The whole crowd, including fickle Olive, goes wild with excitement!  They tend to do that over flashes in the pan, especially if they come from the audience so directly.
Time for the next event.  Wimpy sounds like Homer on a stack of donuts!  Next event: steer wrestling.  Just below Wimpy are two doors marked "Steer" and "Bull."  The steer comes out first, but doesn't look so tough.  Bluto twists the steer's head round and round.  Eventually, the steer's head unwinds, and Bluto gets hit by the steer's horns.  At first I thought he was doing this on purpose, but apparently not as stars and planets fly round Bluto's head and he sits there in a daze.  The steer, sounding much like Bluto, says "Oh yeah?"  Now it's Popeye's turn.  Popeye scores the first points against the steer, but the steer uses its hind legs on Popeye's abdomen like a giant pair of scissors; eventually, literally.  Gee, I don't think Popeye can take it!  But Popeye regains his composure and goes to town on the steer.  Music starts playing, and that's when we know the steer's basically finished.  The steer puts up the white flag and the crowd goes nuts again.


Now it's the bull's turn.  Now we're talking!  That's more like the Elmer's glue logo for ya.  The bull emerges from under the door.  Frankly, I don't know how to interpret that.  Does this mean the bull's tougher?  More elastic?  He sure looks meaner than the steer, you gotta give him that.  Bluto lassos the bull and starts to tie it up, but the bull turns the tables on Bluto.  After a lighter version of the Fistfight Tornado, the bull emerges having tied Bluto up!  Boy, this crowd is very against Bluto for some reason.  Smart crowd.  Popeye laughs, then takes out a small cape, presumably red.  The bull's thanking the audience for the applause, then notices the cape and takes off after Popeye.  Now, I hate to criticize the Fleischers' animation, but check this part out!  The bull doesn't have enough room to do its figure eights here!  For shame, Fleischers, for shame.  Meanwhile, Bluto gets loose from his ropes, then lassos Olive and drags her into the arena.  She starts kicking Bluto about the neck and face, but that only makes Bluto more persistent, of course.  Meanwhile, Popeye's still dicking around with the bull.  The bull's got the cape now, and Popeye's trying to hit it.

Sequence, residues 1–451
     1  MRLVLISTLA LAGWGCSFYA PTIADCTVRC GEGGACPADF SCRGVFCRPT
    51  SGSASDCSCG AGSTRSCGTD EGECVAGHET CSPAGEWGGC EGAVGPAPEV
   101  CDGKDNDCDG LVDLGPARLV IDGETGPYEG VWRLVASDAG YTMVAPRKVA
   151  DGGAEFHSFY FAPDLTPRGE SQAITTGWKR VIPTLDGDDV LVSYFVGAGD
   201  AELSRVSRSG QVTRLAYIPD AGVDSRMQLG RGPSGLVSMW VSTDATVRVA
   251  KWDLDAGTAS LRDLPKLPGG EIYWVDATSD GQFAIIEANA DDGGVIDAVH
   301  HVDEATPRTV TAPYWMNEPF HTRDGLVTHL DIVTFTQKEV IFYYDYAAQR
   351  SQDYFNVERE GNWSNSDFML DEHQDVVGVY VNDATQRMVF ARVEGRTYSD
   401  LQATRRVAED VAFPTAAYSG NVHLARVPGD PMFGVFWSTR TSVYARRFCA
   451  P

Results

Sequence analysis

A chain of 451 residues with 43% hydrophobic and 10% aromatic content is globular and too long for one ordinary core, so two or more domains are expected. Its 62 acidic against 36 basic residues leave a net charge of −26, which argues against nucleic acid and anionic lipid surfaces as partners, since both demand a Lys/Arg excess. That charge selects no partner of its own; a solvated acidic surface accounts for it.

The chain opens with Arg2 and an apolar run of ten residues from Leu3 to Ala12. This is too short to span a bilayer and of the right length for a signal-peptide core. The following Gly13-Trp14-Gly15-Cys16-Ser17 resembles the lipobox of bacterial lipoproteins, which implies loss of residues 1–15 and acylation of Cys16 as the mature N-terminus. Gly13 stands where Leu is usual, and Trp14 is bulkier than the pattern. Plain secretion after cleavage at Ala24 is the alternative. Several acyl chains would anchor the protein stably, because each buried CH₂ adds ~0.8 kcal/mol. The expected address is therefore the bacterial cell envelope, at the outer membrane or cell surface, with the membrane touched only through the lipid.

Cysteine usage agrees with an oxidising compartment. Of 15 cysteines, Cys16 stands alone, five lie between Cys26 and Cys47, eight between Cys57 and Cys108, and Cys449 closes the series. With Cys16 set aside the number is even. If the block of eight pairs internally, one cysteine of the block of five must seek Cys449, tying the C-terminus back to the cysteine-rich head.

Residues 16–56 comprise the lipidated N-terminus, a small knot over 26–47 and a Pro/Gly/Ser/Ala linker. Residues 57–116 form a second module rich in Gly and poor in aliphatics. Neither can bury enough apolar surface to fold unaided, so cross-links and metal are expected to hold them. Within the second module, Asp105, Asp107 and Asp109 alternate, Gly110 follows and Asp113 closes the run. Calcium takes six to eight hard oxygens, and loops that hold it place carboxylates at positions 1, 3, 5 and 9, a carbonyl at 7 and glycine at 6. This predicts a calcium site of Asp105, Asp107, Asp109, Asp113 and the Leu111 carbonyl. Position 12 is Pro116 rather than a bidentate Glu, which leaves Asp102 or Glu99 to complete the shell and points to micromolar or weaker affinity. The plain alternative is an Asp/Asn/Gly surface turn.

Olive gets loose from Bluto's lasso and takes off running.  Olive calls out for help, and Popeye gives chase.  Soon, the action has left the rodeo and spilled over into the surrounding countryside!  I've never seen anything like it!  Only in a Fleischer cartoon could this happen.  Some more play-by-play for you: the bull hits Popeye, Popeye gives Bluto a good kick, and Bluto tries to mash Olive into the ground with his giant hand, but she breaks free and keeps running.  Will we ever get to the spinach?
A giant Fist Tornado breaks out with Bluto, Popeye AND Olive in it!!!  Good Lord.  Now we're talking.  Here come the reinforcements!


Bluto is quickly taken care of, his presumed corpse landing in the hollow of a nearby tree.  But there's still that bull out there, and it's coming on much like the train from the first short.  But Popeye's all too ready for it, and with one punch he turns that bull into a whole meat market.  Kosher, of course, because he's Popeye the Sailor Man.  Still, I can't help but feel a little cheated.  A rodeo with only two events?

-so sayeth The Movie Hooligan